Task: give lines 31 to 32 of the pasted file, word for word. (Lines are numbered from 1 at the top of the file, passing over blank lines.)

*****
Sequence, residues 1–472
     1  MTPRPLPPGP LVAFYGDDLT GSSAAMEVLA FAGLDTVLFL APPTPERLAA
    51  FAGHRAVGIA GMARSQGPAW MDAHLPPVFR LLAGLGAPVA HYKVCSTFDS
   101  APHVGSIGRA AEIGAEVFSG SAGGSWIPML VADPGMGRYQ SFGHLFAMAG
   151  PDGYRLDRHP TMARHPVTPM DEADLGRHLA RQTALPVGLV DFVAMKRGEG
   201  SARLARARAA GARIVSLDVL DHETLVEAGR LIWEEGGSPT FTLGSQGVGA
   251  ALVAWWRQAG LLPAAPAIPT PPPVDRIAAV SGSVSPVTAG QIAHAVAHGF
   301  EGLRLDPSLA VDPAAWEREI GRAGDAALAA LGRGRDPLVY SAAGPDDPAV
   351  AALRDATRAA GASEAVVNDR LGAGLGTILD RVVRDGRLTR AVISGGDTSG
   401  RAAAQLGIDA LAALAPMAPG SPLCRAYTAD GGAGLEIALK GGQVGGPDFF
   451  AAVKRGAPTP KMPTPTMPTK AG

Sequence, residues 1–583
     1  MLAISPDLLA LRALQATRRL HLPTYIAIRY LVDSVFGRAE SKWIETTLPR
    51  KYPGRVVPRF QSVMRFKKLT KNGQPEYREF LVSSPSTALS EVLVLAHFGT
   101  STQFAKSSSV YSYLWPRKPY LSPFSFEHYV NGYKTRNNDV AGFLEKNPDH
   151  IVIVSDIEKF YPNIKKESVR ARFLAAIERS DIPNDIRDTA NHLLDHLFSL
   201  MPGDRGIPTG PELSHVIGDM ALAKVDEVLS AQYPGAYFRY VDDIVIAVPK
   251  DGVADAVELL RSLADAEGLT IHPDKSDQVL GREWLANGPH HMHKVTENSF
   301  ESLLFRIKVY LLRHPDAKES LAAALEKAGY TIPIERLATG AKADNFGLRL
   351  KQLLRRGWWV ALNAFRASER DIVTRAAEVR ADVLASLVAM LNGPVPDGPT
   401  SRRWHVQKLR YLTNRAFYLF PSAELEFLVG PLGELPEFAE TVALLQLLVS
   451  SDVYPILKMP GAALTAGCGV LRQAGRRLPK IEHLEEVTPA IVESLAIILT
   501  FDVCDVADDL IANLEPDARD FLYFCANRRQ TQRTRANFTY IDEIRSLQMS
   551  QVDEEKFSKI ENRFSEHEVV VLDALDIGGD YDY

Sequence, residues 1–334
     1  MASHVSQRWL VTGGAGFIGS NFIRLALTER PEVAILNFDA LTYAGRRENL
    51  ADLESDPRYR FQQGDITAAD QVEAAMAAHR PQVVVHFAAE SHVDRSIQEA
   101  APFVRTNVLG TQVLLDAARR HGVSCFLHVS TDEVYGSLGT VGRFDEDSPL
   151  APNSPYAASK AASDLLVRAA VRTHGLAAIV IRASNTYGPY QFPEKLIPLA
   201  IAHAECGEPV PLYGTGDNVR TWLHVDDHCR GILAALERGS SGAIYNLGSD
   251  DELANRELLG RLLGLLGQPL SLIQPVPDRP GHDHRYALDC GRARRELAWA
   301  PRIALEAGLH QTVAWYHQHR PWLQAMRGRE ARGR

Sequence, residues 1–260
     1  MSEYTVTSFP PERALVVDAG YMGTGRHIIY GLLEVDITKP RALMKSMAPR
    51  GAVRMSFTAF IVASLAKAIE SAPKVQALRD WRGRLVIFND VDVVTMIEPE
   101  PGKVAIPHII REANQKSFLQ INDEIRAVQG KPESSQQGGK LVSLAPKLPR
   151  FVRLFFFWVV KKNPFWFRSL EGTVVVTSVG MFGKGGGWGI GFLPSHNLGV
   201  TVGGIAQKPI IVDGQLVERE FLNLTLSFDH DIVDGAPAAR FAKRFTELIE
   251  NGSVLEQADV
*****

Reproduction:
   251  DELANRELLG RLLGLLGQPL SLIQPVPDRP GHDHRYALDC GRARRELAWA
   301  PRIALEAGLH QTVAWYHQHR PWLQAMRGRE ARGR